Ukrainian artillery reportedly destroyed a Russian anti-aircraft system worth $15 million.
Ukrainian military officials said Saturday its artillerymen destroyed a Russian Pantsir-1S missile system, shown in released images. The system entered service in the Russian military in 2012 and is designed to protect a limited area against enemy aircraft.
The footage was obtained from the Ukrainian Joint Forces Task Force, along with a statement. The images were also relayed by the General staff of the Armed Forces of Ukraine.
The Joint Forces Task Force said: “How can one well-placed blow deprive an enemy of equipment worth $15 million? It’s very simple: when in the steppes of Donbas Ukrainian artillerymen encounter a much-hyped, Russian ‘Pantsir-1S’ anti-aircraft system.'”
They explained: “Pantsir-S1 is a Russian self-propelled anti-aircraft missile and gun system. It is used to cover civilian and military objects from air attack. It can also protect a facility from ground and surface threats.
“The machine was developed by the Tula Design Bureau of Instrumentation. The complex was created in 1994, since then it has been modernized. At the end of 2012, the Pantsir-S1 air defense system was used by the Russian army.
“The deployment time of the complex is up to 5 minutes. Its ammunition: 12 57E6-E missiles, 1400 shells. Missiles can hit targets at an altitude of up to 15 kilometers [9 miles] and at a distance of up to 20 kilometers [12 miles] ; projectiles can fly a distance of up to 4 kilometers [2.4 miles]. The cost is $15 million.”
The Ukrainian General Staff said: “How one well-aimed shot can deprive the enemy of equipment worth almost $15 million.”
Zenger News contacted the Ukrainian Joint Forces Task Force for further comment, as well as the Russian Ministry of Defense, but had not received a reply at the time of writing.
Russia invaded Ukraine on February 24 in what the Kremlin is still calling a “special military operation.” July 4 marks the 131st day of the invasion.
The General Staff of the Armed Forces of Ukraine reported that between February 24 and July 4, Russia had lost about 36,200 personnel, 1,589 tanks, 3,754 armored combat vehicles, 804 artillery units, 246 multiple launch rocket systems, 105 air defense systems, 217 warplanes, 187 helicopters, 658 drones, 144 cruise missiles, 15 warships, 2,629 motor vehicles and fuel tankers, and 65 units of special equipment.
Other developments in the Russia-Ukraine war:
The leaders of dozens of countries, as well as international organizations and companies are gathering in Switzerland to elaborate a “Marshall Plan” roadmap to rebuild Ukraine after the war is over.
Russia said that it has captured the eastern Ukrainian city of Lysychansk, in the Severodonetsk Raion of the Luhansk Oblast region. This has now also been confirmed by Ukraine’s military, who said they had withdrawn their troops from the city after heavy fighting in order to “preserve the lives of the defenders.”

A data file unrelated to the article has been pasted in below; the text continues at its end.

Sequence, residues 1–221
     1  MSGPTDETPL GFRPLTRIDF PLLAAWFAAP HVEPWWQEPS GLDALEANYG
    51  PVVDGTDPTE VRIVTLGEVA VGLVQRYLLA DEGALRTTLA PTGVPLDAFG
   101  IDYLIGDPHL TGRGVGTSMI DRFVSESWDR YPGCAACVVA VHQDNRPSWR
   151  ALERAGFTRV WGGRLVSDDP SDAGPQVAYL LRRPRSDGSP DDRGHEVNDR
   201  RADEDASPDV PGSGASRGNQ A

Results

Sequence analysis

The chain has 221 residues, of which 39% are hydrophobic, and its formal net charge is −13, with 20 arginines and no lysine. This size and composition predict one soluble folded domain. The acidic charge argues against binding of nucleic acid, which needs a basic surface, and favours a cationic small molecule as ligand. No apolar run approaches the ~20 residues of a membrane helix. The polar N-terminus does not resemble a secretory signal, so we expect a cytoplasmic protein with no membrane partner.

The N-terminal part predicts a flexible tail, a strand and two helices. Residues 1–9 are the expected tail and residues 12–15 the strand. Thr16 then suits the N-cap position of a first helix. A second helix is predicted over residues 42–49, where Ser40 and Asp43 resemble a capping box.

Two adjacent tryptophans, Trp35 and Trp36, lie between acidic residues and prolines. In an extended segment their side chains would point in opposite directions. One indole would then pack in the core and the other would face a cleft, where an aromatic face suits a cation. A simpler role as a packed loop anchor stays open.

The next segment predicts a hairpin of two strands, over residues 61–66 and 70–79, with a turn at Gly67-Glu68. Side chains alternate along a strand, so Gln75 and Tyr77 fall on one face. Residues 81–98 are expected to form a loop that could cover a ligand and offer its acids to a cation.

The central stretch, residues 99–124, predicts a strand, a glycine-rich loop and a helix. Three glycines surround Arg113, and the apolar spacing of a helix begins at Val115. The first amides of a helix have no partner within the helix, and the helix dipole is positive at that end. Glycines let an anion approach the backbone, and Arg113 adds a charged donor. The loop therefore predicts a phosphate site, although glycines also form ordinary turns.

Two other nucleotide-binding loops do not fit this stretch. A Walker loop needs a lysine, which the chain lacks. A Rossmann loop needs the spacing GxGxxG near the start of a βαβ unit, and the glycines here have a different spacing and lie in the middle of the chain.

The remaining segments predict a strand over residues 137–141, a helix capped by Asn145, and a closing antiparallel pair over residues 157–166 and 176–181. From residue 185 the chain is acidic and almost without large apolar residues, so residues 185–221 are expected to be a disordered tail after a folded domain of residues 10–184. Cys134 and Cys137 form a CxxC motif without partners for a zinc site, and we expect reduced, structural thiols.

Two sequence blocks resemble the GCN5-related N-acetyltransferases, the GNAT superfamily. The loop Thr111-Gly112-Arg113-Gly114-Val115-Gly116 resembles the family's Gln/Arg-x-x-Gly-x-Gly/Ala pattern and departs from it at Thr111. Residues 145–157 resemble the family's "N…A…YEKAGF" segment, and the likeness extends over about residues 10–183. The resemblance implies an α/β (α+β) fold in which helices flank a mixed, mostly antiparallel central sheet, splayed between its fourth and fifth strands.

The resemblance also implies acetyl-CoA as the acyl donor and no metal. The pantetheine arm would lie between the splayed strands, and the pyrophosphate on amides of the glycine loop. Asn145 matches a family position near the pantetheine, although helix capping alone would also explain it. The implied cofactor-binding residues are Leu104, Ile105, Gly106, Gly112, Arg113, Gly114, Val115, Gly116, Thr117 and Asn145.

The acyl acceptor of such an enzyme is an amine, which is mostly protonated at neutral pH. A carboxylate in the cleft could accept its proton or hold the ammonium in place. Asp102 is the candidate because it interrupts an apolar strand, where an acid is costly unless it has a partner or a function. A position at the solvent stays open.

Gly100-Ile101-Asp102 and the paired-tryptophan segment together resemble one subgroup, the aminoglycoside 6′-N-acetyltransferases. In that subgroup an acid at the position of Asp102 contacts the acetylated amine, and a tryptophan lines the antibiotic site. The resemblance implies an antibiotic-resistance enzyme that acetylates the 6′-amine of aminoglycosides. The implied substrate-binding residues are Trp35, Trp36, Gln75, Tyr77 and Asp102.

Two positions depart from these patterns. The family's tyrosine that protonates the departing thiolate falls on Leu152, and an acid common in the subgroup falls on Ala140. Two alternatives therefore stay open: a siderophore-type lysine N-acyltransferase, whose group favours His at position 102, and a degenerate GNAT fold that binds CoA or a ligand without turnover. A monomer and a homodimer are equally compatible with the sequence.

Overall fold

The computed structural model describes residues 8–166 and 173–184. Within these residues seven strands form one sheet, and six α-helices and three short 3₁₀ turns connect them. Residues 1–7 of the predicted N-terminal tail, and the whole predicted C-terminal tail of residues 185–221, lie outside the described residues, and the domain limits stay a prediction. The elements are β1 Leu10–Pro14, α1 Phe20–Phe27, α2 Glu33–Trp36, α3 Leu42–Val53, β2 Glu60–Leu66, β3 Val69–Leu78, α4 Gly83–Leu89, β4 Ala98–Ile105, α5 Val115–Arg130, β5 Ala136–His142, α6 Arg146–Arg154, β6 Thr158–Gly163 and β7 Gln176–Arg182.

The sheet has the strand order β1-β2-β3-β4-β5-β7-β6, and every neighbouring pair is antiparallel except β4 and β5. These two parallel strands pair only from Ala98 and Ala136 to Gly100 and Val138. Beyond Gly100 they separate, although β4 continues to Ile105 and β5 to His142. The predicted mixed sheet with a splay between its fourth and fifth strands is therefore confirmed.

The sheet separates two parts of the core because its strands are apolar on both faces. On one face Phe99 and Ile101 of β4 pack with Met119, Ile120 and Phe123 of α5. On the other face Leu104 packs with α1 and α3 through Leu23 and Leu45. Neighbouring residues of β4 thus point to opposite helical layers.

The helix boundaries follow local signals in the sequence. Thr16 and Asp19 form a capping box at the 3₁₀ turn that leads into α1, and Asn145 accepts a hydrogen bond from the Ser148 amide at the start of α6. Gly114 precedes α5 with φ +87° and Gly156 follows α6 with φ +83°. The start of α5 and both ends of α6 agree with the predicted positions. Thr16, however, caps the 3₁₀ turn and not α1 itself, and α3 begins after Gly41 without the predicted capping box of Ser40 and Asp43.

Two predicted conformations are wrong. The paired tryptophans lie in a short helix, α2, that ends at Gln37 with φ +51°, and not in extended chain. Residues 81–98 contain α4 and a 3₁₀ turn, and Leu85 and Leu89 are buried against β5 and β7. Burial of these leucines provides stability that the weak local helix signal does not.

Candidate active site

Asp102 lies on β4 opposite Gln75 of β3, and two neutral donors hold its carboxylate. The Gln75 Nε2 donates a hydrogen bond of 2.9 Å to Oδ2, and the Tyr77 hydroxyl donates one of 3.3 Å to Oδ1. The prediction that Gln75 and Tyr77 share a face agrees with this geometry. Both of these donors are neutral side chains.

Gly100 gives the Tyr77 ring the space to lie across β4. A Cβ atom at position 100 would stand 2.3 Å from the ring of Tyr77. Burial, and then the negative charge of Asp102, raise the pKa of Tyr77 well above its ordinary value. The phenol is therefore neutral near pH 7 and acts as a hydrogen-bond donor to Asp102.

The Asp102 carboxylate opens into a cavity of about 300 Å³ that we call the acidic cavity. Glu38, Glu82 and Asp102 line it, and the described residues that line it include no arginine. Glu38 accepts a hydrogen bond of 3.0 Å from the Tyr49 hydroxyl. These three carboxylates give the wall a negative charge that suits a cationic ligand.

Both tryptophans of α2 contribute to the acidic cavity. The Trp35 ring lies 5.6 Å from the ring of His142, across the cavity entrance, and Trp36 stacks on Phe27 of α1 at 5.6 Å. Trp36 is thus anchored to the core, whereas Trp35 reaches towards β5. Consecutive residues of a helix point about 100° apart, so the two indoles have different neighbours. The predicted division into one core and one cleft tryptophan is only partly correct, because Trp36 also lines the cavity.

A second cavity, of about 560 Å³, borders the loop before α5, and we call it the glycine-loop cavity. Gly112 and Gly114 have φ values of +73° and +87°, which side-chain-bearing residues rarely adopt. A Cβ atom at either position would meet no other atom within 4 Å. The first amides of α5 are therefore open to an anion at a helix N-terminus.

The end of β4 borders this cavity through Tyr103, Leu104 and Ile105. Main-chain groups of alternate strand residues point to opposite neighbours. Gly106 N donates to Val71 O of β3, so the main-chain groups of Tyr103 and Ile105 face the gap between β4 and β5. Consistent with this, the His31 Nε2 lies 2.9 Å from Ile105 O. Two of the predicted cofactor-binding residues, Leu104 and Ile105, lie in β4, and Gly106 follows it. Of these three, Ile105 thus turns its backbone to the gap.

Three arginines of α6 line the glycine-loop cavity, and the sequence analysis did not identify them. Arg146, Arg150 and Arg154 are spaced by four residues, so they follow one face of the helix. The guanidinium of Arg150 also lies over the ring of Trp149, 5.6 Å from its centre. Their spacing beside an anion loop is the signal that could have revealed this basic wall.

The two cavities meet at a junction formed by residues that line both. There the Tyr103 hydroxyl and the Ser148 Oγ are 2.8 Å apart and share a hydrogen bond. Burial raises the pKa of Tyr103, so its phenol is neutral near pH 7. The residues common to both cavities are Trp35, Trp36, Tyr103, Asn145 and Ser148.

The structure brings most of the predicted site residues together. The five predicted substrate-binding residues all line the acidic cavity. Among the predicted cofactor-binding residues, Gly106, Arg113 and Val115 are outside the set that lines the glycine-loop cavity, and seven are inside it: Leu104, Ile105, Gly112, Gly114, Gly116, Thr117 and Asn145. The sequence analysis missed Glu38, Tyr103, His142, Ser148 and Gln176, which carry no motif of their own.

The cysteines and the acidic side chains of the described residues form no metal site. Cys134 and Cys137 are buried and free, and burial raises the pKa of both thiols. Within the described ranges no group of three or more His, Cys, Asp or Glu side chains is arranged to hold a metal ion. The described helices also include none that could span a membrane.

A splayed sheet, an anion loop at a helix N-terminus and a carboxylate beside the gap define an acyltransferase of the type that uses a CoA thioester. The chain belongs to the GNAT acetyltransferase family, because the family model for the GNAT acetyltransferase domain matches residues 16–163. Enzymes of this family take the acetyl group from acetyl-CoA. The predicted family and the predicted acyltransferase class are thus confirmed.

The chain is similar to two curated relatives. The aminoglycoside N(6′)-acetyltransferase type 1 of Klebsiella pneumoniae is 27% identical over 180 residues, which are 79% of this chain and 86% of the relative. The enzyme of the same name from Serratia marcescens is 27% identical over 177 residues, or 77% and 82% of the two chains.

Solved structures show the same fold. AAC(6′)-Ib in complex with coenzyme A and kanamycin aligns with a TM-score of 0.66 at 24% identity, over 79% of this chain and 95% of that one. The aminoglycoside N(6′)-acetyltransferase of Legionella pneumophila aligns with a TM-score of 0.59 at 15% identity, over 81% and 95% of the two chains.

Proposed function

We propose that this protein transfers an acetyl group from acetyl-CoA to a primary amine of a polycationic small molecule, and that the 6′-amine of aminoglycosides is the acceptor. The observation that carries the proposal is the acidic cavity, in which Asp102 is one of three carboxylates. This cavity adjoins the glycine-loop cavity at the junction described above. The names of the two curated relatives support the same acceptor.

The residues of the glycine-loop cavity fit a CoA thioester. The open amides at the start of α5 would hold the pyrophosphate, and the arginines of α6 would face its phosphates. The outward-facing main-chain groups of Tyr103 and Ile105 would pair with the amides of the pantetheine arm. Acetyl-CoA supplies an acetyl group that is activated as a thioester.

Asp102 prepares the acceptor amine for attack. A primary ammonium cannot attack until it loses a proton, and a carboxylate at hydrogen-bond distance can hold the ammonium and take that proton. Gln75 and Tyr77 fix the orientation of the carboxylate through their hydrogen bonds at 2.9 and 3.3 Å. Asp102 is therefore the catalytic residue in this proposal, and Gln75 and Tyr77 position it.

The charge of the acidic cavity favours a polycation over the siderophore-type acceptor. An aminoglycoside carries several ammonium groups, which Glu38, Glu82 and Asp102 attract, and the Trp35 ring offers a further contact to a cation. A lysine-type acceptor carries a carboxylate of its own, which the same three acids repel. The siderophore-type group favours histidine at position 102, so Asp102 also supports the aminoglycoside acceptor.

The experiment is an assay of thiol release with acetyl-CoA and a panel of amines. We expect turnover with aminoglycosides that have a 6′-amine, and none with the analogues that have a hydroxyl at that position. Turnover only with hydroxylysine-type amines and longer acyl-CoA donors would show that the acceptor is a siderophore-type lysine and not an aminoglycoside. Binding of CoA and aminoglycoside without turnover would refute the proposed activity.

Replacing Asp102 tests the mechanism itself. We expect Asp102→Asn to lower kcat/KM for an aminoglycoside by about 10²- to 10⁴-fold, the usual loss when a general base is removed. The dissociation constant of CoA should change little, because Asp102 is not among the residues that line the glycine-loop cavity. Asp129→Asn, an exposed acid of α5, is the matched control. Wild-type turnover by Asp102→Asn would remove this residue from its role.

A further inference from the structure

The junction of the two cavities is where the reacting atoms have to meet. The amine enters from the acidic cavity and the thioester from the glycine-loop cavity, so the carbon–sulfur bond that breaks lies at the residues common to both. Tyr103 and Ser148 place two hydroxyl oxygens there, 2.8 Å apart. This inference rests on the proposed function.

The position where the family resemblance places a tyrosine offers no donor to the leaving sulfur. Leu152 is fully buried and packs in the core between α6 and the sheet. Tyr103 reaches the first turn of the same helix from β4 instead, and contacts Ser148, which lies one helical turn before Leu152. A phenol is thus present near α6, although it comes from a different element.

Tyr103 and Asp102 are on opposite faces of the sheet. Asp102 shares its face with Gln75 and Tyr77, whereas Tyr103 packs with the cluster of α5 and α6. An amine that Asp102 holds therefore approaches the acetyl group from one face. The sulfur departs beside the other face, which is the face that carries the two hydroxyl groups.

Ukrainian President Volodymyr Zelensky, has claimed that Ukrainian forces would retake the city “thanks to the increase in the supply of modern weapons.”
The fall of Lysychansk comes just over a week after the nearby city of Severodonetsk fell to the Russians.
Sloviansk, an eastern Ukrainian city in the Donetsk Oblast region, was hit by shelling on Sunday, resulting in the deaths of at least six people, with 20 others injured, according to the city’s mayor, Vadim Lyakh.
The Ukrainian Governor of Luhansk, Serhiy Haidai, claimed that Russian forces are now likely to shift their focus to the neighboring Donetsk region.
Australian Prime Minister Anthony Albanese visited Kyiv, with Australia vowing to send more than $100 million in new aid to Ukraine.
Turkish authorities have detained a Russian cargo ship carrying grain allegedly stolen from Ukraine. The ship is said to contain over 7,000 tons of grain that Russian officials said would be sent to “friendly” countries.
Ukraine has dismissed Russian claims that its forces targeted civilian areas in the Russian city of Belgorod, killing three people.
Russian state media claimed that two more Britons captured by Russian troops in Ukraine have been charged with mercenary activities. They have been named as Dylan Healy, a chef who had been volunteering as an aide worker, and Andrew Hill, who was shown by Russia in military uniform.
The announcement comes after two other British men, Shaun Pinner and Aiden Aslin, were sentenced to death last month. The European Court of Human Rights intervened, demanding the sentences not be carried out, but this was rejected by Russia, saying that it would not be implementing the court’s decisions and that the decision to execute the men lies with the pro-Russian, so-called Donetsk People’s Republic.
This story was provided to Newsweek by Zenger News.